Improving Health & Medicine

Weizmann Institute Scientists Develop “Sniff Test” That Predicts Recovery of Consciousness in Brain-Injured Patients

• TAGS: Senses, Neuroscience, Biology

Shutterstock 1622055109 Woman Sniffing Jar

REHOVOT, ISRAEL—April 30, 2020—If an unconscious person responds to smell through a slight change in their nasal airflow pattern, they are likely to regain consciousness. This is the conclusion from a new study conducted by Weizmann Institute scientists and colleagues at Israel’s Loewenstein Rehabilitation Hospital. According to the findings, published in the journal Nature, 100% of the unconscious brain-injured patients who responded to a “sniff test” developed by the researchers regained consciousness during the four-year study period.

The scientists think that this simple, inexpensive test can aid doctors in accurately diagnosing brain injury and determining treatment plans according to the patient’s degree of damage. The team concludes that this finding once again highlights the primal role of the sense of smell in human brain organization. The olfactory system is the most ancient part of the brain, and its integrity provides an accurate measure of overall brain integrity.

Following severe brain injury, it is often difficult to determine whether the person is conscious or unconscious, and current diagnostic tests can lead to incorrect diagnosis in up to 40% of cases. “Misdiagnosis can be critical as it can influence the decision of whether to disconnect patients from life-support machines,” says Dr. Anat Arzi, who led the research. “In regard to treatment, if it is judged that a patient is unconscious and doesn’t feel anything, physicians may not prescribe them painkillers that they might need.”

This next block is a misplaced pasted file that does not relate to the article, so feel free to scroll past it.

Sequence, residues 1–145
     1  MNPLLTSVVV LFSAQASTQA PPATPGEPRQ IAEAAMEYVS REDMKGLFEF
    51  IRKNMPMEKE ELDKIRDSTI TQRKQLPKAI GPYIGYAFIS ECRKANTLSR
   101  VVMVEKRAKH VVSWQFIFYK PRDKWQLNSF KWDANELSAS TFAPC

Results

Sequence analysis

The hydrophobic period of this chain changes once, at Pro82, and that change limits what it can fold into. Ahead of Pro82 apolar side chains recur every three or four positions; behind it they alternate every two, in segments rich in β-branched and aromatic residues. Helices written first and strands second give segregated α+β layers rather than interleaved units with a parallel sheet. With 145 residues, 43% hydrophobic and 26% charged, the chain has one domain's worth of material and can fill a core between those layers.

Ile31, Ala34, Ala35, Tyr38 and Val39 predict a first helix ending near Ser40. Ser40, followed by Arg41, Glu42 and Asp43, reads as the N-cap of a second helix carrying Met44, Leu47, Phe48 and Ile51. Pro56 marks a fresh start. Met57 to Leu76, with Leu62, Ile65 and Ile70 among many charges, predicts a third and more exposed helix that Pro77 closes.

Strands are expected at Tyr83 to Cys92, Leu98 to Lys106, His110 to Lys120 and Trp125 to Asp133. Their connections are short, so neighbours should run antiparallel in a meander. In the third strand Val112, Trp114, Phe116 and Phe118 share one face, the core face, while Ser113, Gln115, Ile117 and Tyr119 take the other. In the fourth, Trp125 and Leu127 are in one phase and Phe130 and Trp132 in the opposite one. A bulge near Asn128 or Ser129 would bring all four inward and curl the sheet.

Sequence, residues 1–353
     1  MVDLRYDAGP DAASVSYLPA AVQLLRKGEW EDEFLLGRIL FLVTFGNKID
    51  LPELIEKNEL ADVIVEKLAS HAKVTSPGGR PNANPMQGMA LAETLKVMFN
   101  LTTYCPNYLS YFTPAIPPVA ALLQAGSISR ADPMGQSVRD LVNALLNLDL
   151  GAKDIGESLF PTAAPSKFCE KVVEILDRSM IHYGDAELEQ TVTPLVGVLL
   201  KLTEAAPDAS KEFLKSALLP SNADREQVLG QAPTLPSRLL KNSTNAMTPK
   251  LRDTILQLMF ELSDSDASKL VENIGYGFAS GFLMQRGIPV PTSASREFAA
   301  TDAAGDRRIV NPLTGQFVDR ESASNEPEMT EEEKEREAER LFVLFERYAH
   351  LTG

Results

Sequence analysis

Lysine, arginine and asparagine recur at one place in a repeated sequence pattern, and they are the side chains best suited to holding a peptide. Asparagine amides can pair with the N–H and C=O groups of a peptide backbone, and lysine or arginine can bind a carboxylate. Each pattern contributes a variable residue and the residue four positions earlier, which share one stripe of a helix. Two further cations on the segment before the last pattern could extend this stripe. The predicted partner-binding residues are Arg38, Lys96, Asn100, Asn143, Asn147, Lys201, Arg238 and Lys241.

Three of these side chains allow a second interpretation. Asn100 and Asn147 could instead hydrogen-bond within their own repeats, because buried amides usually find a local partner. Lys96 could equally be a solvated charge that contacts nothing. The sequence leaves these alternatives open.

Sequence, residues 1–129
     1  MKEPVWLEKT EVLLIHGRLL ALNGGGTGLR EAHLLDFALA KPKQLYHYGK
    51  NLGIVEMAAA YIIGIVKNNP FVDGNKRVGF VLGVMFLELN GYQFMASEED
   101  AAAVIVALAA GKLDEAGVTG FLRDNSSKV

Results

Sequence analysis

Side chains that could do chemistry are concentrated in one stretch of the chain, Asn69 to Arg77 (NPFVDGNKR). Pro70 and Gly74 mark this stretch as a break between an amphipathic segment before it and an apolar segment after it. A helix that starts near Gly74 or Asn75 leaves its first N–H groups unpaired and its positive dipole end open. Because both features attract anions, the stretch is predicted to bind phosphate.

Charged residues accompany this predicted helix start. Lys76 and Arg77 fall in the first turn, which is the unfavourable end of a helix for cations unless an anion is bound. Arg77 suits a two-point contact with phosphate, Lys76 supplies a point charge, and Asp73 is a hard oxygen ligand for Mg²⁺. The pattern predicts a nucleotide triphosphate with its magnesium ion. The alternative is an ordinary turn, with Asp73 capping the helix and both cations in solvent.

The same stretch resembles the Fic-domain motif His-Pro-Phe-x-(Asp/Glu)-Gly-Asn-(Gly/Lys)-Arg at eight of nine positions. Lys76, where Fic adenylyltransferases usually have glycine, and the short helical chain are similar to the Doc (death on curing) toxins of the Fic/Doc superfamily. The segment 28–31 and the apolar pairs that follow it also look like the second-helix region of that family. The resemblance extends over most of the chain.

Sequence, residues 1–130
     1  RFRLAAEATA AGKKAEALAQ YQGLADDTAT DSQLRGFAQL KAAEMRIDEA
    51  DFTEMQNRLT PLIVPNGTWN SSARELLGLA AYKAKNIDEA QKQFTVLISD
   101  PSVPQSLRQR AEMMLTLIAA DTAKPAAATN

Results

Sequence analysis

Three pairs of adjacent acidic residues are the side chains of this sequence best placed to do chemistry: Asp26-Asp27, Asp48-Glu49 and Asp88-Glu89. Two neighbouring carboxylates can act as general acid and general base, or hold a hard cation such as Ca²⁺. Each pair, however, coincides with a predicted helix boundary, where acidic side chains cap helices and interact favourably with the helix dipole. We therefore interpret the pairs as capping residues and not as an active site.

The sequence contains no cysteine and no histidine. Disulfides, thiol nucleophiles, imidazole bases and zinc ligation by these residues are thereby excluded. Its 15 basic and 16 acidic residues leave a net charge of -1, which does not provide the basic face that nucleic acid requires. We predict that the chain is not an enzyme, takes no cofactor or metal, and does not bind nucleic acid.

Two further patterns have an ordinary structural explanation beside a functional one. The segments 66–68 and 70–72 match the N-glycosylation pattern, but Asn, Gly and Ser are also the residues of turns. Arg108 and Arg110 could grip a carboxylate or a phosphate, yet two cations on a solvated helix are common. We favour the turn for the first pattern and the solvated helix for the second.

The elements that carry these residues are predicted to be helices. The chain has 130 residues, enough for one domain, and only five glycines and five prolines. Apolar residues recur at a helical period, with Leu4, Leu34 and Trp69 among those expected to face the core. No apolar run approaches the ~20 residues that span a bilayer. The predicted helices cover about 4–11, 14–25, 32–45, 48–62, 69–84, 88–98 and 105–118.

Dr. Arzi commenced this research during her doctoral studies in the group of Prof. Noam Sobel of the Weizmann Institute’s Department of Neurobiology and continued it as part of her postdoctoral research in the University of Cambridge’s Department of Psychology.

The “consciousness test,” developed in collaboration with Dr. Yaron Sacher, head of the Department of Traumatic Brain Injury Rehabilitation at Loewenstein Rehabilitation Hospital, is based on the principle that nasal airflow changes in response to odor; for example, an unpleasant odor will lead to shorter and shallower sniffs. In healthy humans, the sniff-response can occur unconsciously in both wakefulness and sleep.

The study included 43 brain-injured patients at Loewenstein Rehabilitation Hospital. The researchers briefly placed jars containing various odors under the patients’ noses, including a pleasant scent of shampoo, an unpleasant smell of rotten fish, or no odor at all. At the same time, the scientists precisely measured the volume of air inhaled through the nose in response to the odors. Each jar was presented to the patient 10 times in random order during each testing session, and each patient participated in several such sessions. “Astonishingly, all patients who were classified as being in a ‘vegetative state,’ yet responded to the sniff test, later regained consciousness, even if only minimal. In some cases, the result of the sniff test was the first sign that these patients were about to recover consciousness – and this reaction was observed days, weeks, and even months prior to any other signs,” says Dr. Arzi. Moreover, the sniff response not only predicted who would regain consciousness, it also predicted with about 92% accuracy who would survive for at least three years.

“The fact that the sniff test is simple and potentially inexpensive makes it advantageous,” explains Dr. Arzi. “It can be performed at the patient’s bedside without the need to move them – and without complicated machinery.”

A mindful tennis game

After a severe head injury, patients may fall into a comatose state – their eyes are closed and they do not have sleep-wake cycles. A coma usually lasts for about two weeks, after which there may be rapid improvement and return to consciousness, deterioration leading to death, or a condition defined as “disorder of consciousness.”